You see that picture to the right? Yes, the one right there, at the top of my sidebar – me wearing purple and smiling like a goober. I’m sick to death of it.
Since the event of that photo, I have since had shots of me that I like better. Namely, this one, where my hair is in its natural mane instead of straightened:
So why haven’t I swapped them out? It’s simple, really: You recognize that picture.
Unless you’ve stumbled upon this blog post randomly, you probably know me, at least vaguely/subconsciously, as “that smiley girl in the purple shirt.” You should, anyway. I use that headshot on my blog, my Twitter, my Google+, my Goodreads, my author bios, my Klout, my Linkedin, my Disqus, all of my blog memberships, and any other online venue that I’m partaking in as a professional writer.
And not only that, but I’ve color coordinated, too. Purple (to match that shirt, of course), orange, black, gray, and white are the colors I stick with whenever I have the option to choose my own colors. And I choose damask whenever I can choose a pattern. (These colors and pattern are the best compromise, to me, between my vastly different genres of horror/gothic, literary, and poetry, but I’m getting off topic.)
The reason I do this is to begin building name/face recognition, and it’s easier for people to remember you if you’re consistent with your online image. Think about it this way: your hundreds of Twitter followers are also following hundreds of other people. It’s easy to overlook someone. You have to make effort to build relationships with people. And since those people’s timelines are filled with thousands of tweets that they have to sort through every day, most people scan.
The way they scan? They look at those tiny little avatars and/or your Twitter handle (your @ name). If you’re one of the lucky people who they’ve built a relationship with, you’re probably one of the avatars they scan for amidst the masses. If you change that avatar, you’re much harder to find. In fact, I can think of several Twitter friends that I don’t know any more, and I strongly suspect that it’s because I knew their picture better than their name, and now that they’ve changed it I can’t figure out who they are.
Here’s another scenario. I’m a reader. I read a short story/poem that I absolutely LOVED in one of my favorite literary magazines. In fact, I loved it so much that I went to the contributors page and looked for the author’s bio. Next to their neat one-paragraph summary is a picture of them in a red hat. At the bottom is a link to their author website. I click on it.
There, right on their sidebar, is that same picture of them in a red hat. I know I am in the right place: the home base of the author I now love and will follow forever. If the picture had been of them twenty years later with no hat and a different hair color, I might be confused. I might think I had the wrong website. I might just move on, because hell, it’s easier anyway. They’ve lost a potential reader.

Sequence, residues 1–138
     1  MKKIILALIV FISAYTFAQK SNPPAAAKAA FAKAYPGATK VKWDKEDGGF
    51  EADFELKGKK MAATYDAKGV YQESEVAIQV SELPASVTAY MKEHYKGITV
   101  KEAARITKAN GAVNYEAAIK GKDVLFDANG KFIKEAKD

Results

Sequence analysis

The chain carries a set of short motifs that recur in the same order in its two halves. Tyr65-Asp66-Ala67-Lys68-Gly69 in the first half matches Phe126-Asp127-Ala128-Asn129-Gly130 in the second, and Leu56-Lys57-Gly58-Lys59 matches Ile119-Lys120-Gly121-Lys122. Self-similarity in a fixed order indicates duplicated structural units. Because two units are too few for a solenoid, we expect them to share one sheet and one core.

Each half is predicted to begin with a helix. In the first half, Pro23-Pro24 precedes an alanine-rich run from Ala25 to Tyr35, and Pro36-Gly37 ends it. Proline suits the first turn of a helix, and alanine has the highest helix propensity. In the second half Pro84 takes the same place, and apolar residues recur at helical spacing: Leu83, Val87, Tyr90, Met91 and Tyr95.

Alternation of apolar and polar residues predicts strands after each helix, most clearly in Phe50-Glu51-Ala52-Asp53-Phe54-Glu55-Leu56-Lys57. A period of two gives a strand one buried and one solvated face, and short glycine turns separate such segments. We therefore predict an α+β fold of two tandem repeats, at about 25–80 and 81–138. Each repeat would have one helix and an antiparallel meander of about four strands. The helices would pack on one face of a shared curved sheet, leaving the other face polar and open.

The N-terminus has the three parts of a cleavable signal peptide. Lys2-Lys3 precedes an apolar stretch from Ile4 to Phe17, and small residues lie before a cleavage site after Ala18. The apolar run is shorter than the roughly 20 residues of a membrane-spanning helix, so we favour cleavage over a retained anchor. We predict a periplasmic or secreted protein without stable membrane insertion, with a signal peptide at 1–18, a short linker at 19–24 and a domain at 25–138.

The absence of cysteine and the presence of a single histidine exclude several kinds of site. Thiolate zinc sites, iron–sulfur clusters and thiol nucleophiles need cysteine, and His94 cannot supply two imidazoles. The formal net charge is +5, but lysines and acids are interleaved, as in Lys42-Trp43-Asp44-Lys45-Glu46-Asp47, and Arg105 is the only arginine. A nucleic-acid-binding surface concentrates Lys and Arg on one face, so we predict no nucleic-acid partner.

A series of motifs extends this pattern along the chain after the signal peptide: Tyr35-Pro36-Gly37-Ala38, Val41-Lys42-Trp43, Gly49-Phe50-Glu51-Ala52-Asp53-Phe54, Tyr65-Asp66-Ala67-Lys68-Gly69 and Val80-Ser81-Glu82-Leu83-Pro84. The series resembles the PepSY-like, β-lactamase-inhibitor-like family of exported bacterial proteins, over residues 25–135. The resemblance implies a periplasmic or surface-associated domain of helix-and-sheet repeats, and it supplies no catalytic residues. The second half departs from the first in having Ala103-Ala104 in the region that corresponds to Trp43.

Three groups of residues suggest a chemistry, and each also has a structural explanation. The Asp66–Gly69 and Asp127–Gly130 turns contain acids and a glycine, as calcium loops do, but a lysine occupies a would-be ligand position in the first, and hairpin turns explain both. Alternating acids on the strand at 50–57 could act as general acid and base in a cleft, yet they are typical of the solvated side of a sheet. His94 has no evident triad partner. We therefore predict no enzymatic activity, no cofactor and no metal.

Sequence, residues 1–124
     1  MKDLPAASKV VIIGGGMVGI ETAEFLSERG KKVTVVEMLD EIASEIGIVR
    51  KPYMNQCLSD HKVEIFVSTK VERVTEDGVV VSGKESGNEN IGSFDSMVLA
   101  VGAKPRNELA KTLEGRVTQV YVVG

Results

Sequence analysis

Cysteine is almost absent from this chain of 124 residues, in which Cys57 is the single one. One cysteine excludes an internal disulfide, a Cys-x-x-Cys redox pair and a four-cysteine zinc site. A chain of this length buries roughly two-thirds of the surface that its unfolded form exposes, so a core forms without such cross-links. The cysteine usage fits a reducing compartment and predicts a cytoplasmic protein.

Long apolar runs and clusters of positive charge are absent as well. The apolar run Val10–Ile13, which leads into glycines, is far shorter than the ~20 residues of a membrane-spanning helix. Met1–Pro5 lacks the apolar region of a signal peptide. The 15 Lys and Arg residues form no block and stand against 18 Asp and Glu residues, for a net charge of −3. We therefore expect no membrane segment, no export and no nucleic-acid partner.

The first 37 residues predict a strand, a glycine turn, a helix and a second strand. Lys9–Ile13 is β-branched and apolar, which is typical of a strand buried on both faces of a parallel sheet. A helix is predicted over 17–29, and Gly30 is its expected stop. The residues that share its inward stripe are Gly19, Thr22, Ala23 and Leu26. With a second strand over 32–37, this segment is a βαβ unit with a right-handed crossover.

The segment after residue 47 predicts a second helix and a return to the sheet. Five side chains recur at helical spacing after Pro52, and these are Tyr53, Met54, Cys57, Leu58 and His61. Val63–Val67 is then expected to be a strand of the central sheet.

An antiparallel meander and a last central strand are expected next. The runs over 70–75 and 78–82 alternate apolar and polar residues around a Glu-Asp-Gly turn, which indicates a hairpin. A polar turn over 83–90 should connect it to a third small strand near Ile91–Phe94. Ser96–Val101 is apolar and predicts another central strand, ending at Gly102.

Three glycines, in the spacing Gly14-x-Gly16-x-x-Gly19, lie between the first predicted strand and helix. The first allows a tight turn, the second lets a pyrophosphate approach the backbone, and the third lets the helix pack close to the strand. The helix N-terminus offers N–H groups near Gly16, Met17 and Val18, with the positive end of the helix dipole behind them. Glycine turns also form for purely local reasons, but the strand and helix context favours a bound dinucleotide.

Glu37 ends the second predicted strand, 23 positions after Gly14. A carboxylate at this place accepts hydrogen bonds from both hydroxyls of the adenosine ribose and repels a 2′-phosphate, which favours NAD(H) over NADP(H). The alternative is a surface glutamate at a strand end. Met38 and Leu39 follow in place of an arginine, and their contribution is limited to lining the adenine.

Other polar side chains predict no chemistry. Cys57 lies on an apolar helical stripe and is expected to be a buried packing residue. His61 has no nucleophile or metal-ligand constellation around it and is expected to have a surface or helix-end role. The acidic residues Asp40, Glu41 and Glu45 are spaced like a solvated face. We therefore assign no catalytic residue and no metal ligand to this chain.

So what am I getting at?
Don’t change your stuff.
There are exceptions, of course. Sometimes websites really do need overhauls. But that should be a once-every-few-years thing, not a monthly thing. Same goes for headshots. When I get a book deal, I’ll want to get a professional author photo for my promo stuff, book jacket, etc. But once I get that new headshot, I’ll put it everywhere and keep it for as long as I can. And wherever possible, I’ll bring it to people’s attention that I’m changing my picture, so they can make the connection between my old photo and me as their online friend.
And I’ll hopefully never change my Twitter handle, etc. That’s why it’s good to use your publishing name as your website title and username for everything you can. No matter what else changes, that will always stay the same, building name recognition between you and everyone who follows you. Same thing for avatars. You want a picture of you, not your book. Your book will eventually become a different book; you will always stay you. Besides, people want to interact with other people anyway – not objects.
So that’s why I think writers working on their online platforms should avoid the impulse to change their avatars, handles, and website templates like they’re nail polish colors. The interwebs is a big place for writers, and we work hard to build connections with each other. Make it easier for people to keep them by making it easier for people to recognize you from venue to venue.
And yes, you should go ahead and make peace with purple-shirted, straight-haired, smiley me, because I’ll be keeping that photo until A) I get an agent/book deal or B) my physical appearance changes so drastically that I’m no longer anything like that picture.
What do you think? Are you guilty of swapping photos every time you get a better shot? Twitter handles? Blog templates? Or do you think I’m wrong, and that variety is the spice of life? I’d love to hear your thoughts.